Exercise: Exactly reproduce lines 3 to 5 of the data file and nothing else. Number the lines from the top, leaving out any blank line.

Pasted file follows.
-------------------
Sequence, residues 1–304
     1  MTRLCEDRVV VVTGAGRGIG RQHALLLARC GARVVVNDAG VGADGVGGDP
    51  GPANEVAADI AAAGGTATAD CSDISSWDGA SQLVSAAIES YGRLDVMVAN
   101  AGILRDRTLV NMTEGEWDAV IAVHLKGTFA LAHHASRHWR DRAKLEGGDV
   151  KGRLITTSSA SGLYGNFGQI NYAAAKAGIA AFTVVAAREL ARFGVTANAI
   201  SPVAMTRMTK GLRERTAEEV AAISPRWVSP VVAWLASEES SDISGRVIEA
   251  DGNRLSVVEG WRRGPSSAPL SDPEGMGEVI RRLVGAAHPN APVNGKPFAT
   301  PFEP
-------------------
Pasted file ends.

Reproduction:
    51  GPANEVAADI AAAGGTATAD CSDISSWDGA SQLVSAAIES YGRLDVMVAN
   101  AGILRDRTLV NMTEGEWDAV IAVHLKGTFA LAHHASRHWR DRAKLEGGDV
   151  KGRLITTSSA SGLYGNFGQI NYAAAKAGIA AFTVVAAREL ARFGVTANAI